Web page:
By Rick Kozlowski - email@example.com
MARTINSBURG, W.Va. -- Amid a generous supply of testosterone and tattoos, John McInturff strolled into the Berkeley 2000 Recreation Center on Friday night intent on marking off an item on his bucket list.
So the tattooed 39-year-old from Strasburg boxed in Parson's Ford Toughman.
"I'm the oldest one here," McInturff pronounced proudly before readying himself for a bout that came about midway through the program.
He also indicated he really hadn't trained for the 23rd annual event.
"No, I have seven kids," McInturff said. "That's my training."
Children ranging in age from 7 to 23 for the man turning 40 during the summer, he figured kept him in shape for his fight in the middleweight division. Not to mention a couple of grandkids, too.
McInturff needed about 40 seconds to erase boxing from his bucket list.
Twenty-seven-year-old Kyle Chelmey of Mercersburg, Pa., and McInturff flailed away at each other to start, but Chelmey connected with McInturff's nose with two bloodying shots before the minute-long first round ended. The second one left a sizeable gash on his nose.
"Early on, I got a couple of square shots," McInturff said. "The first one he got me, I felt it dripping [blood]. That might've been a distraction.
"He caught me with another good one. The ref was counting. I stopped it. I told him, 'I did what I came to do -- be a part of it.'"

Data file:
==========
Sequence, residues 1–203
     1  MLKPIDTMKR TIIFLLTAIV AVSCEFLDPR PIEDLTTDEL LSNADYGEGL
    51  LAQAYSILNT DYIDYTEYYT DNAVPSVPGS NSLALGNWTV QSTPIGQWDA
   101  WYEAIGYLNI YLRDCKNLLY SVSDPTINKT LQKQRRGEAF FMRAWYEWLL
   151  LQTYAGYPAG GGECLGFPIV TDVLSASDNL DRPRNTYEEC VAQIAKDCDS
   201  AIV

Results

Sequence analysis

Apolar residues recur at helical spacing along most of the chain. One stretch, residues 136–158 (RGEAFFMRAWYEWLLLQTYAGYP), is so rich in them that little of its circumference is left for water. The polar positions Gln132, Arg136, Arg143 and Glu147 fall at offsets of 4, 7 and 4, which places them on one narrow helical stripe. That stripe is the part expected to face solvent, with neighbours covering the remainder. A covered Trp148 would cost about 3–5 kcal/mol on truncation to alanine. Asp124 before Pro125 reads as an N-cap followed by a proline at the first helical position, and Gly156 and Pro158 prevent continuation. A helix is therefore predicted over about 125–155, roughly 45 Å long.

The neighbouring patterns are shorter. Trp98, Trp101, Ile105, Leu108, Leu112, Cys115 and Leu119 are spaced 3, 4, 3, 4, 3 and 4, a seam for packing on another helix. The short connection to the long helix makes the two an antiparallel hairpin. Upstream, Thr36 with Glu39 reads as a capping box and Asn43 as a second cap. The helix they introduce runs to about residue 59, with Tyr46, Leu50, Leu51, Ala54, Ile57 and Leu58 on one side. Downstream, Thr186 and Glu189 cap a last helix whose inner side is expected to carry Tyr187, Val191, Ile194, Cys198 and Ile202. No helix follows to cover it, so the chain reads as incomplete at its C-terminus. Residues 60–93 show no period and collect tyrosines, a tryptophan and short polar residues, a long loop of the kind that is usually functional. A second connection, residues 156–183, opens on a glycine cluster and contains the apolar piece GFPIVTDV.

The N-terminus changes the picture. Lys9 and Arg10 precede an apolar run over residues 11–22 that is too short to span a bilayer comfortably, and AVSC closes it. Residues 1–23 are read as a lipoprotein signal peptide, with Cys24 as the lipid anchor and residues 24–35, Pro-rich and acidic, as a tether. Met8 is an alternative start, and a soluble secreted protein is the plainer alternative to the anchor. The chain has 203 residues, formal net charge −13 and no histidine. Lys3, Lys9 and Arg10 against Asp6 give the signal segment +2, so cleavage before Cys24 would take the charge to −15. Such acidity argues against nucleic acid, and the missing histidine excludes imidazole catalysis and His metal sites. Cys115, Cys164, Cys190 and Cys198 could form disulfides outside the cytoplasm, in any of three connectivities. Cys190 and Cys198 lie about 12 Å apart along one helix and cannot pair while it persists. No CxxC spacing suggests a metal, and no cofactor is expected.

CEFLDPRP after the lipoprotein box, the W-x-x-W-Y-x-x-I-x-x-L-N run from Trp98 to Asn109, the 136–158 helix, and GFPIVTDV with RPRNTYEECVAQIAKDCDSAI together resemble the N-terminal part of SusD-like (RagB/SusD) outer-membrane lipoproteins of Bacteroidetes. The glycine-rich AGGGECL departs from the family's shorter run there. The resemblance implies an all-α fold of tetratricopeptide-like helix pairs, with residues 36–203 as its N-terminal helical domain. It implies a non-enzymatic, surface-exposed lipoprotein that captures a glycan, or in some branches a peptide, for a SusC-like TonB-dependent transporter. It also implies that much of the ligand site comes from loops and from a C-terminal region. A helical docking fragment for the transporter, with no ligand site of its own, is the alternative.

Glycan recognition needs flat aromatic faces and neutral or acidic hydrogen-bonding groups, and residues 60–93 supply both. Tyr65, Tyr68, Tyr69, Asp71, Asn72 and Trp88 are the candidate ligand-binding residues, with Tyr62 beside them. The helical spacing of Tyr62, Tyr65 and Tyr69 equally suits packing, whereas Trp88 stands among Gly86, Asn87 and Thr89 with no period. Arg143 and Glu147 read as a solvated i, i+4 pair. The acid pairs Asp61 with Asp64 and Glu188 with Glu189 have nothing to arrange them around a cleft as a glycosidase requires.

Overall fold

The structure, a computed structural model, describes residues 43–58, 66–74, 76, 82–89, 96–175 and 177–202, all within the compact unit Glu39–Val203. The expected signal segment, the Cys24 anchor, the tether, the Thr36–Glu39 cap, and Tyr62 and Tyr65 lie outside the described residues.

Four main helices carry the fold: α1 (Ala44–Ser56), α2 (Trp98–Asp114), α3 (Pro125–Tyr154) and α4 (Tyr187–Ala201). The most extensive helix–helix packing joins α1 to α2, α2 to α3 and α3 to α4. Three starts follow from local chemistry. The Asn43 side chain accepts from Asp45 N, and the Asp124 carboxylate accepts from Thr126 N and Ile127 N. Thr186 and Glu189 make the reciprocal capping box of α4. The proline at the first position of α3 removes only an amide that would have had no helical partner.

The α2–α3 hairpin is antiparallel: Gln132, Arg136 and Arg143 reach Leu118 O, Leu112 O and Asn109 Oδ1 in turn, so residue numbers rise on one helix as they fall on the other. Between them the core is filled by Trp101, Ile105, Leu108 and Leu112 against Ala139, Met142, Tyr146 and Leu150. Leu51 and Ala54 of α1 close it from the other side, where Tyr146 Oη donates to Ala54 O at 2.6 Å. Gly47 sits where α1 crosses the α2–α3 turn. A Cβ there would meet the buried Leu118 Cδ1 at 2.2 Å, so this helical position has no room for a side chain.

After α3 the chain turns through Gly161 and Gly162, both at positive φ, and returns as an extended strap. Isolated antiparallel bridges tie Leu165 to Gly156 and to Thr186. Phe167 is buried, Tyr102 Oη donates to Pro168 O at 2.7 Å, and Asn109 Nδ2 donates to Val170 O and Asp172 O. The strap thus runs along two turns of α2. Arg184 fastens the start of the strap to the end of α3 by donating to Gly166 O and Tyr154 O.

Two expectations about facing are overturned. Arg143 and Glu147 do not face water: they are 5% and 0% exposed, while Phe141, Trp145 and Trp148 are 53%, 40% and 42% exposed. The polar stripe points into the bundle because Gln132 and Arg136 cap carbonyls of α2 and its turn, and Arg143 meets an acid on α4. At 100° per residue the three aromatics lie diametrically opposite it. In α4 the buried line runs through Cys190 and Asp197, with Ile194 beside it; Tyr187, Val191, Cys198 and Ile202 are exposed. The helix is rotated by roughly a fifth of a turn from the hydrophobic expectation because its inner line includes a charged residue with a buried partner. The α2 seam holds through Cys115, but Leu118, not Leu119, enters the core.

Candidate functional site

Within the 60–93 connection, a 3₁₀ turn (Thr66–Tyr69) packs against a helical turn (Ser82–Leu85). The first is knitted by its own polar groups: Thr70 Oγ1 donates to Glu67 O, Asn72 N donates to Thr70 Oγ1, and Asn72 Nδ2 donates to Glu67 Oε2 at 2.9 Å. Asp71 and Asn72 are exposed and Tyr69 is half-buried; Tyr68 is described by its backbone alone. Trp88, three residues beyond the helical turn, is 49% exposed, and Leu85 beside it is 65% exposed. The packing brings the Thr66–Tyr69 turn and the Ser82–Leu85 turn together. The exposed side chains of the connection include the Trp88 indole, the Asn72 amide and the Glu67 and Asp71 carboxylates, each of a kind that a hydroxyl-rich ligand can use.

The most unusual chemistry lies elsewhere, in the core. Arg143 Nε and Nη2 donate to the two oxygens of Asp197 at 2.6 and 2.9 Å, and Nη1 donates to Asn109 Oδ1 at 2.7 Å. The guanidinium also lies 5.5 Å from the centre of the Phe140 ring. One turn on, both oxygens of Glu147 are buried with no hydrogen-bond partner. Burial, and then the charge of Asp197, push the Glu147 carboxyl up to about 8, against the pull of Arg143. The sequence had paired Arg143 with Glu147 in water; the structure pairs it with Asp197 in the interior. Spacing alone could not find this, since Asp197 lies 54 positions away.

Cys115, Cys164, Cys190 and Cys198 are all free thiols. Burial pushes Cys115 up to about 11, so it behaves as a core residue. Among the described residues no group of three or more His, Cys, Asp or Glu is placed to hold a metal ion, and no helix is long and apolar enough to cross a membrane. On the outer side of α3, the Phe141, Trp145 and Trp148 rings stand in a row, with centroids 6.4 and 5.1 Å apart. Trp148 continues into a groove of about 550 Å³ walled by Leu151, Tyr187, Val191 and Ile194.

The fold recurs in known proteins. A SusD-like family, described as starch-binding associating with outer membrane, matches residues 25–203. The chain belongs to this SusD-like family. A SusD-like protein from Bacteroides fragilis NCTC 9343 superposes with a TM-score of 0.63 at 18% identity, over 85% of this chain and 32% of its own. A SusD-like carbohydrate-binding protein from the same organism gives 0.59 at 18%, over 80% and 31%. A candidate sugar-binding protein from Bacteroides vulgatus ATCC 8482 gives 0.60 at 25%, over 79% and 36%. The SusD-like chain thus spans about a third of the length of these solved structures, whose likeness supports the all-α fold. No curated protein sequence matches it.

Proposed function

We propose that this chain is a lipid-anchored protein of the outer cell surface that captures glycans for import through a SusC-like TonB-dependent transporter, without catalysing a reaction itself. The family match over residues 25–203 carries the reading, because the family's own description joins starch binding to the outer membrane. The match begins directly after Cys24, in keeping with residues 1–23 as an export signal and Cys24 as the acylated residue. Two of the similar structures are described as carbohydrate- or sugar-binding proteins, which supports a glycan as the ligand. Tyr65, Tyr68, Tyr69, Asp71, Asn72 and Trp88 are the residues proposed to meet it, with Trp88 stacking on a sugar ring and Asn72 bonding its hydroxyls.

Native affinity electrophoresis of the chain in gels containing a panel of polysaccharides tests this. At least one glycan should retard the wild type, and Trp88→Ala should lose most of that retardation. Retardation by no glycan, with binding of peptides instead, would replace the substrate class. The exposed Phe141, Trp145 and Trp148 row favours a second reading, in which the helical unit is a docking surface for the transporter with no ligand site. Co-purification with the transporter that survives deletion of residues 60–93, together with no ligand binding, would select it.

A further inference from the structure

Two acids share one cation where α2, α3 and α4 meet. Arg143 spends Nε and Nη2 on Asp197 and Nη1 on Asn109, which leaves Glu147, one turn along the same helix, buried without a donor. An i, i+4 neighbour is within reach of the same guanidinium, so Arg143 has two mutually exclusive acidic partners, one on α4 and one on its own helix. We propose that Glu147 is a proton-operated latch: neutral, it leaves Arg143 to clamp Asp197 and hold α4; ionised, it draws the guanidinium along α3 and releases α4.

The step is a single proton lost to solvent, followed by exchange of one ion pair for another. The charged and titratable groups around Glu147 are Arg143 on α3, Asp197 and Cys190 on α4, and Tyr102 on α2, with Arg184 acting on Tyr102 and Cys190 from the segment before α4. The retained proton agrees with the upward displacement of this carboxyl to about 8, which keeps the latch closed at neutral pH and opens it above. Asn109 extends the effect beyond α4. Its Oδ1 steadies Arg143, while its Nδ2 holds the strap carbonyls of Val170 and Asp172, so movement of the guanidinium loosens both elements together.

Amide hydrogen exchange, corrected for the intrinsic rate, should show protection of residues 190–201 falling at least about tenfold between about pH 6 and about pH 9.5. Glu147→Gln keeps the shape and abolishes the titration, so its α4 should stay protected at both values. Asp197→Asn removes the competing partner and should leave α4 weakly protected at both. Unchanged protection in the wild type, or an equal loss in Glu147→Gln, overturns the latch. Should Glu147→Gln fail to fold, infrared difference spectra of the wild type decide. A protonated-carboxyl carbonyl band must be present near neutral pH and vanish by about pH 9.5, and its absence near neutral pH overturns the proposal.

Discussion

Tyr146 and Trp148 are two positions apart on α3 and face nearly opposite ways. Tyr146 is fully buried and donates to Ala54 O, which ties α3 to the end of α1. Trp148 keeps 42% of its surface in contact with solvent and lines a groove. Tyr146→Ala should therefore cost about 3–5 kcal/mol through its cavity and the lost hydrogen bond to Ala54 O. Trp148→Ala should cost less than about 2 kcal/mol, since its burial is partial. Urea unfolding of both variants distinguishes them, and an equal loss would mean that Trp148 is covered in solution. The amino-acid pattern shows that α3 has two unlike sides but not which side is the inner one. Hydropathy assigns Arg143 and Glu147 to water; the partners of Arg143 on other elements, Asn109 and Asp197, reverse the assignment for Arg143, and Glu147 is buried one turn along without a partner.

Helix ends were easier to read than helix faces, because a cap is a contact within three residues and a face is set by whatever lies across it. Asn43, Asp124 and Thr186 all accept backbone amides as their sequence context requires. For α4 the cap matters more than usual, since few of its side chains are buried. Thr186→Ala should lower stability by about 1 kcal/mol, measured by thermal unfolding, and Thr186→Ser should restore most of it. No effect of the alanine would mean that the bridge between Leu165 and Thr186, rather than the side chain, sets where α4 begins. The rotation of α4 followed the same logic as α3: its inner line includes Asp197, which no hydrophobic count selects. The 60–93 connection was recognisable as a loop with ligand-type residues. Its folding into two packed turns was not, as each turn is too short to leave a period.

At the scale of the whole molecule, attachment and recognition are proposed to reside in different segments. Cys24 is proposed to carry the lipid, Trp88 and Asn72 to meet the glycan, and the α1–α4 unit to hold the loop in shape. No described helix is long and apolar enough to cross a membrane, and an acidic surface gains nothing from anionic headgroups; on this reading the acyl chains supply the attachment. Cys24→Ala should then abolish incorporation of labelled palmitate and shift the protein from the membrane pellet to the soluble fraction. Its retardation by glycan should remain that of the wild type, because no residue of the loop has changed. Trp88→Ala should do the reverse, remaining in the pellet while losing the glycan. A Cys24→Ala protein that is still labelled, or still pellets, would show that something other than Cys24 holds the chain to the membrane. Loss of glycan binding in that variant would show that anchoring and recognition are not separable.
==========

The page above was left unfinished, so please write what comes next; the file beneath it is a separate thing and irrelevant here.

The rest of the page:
Despite his quick exit, McInturff had no regrets.
"It was great getting here to be a part of this and do something I always wanted to do."
McInturff wasn't the only 30-something competing at the two-night event. Some two dozen amateur boxers older than 30 were registered to compete. Many more were in their late teens and early 20s.
Only about half of the 150 registered boxers took to the ring for one match on opening night. The time each of them spent in the ring varied.
Martinsburg's Robert Gue, who, at 38, gave himself the ring name "Old Man," took care of earning a technical knockout in the first round.
He knocked down Martinsburg's Dustin Lemaster right at the first bell, then floored Lemaster soon after for the victory in Gue's fourth appearance in the local event.
"I just got lucky," Gue said. "I was just hoping not to get hurt."
Gue lost to the overall runner-up four years ago, yet he said that bout might've been his best one.
"I didn't win, but I was happy with my performance," he said of four years ago.
He'll get another shot today as the four weight classes for men are whittled down, leading to championship bouts. Boxers will need to win win matches today to claim championships in all likelihood.
Thirty-four-year-old Jeff Habicht of Hedgesville, W.Va., also will compete today after a split-decision victory over 33-year-old Pedro Lopez of Sterling. The outcome from the judges drew some boos and hisses from the packed house.
Both 30-somethings were boxing in Toughman for the first time.
"I just felt like getting my brains beat out," Habicht quipped.
The pair lasted through the three rounds. Their faces wore heavy doses of animus and vitriol as they swung away.
"Talk about sportsmanship," Habict said. "We wanted to beat each other's brains out and still came out as friends."
Lopez said he began training for Toughman three months ago, boxing as kind of motivation to show what's possible to a youth group with which he works in Washington.
Lopez took his bout as a learning experience.
"I got to work on my stability," Lopez said. "I know what I did wrong. I got to keep my feet planted. I was too much of a jumpy fighter."
Beside McInturff, there was a second 39-year-old in Martinsburg's Jason Delauter, whose bout was the final of 42 scheduled for the night.
Action today begins at 7:30 p.m. Midway through, there will be a four-round professional bout.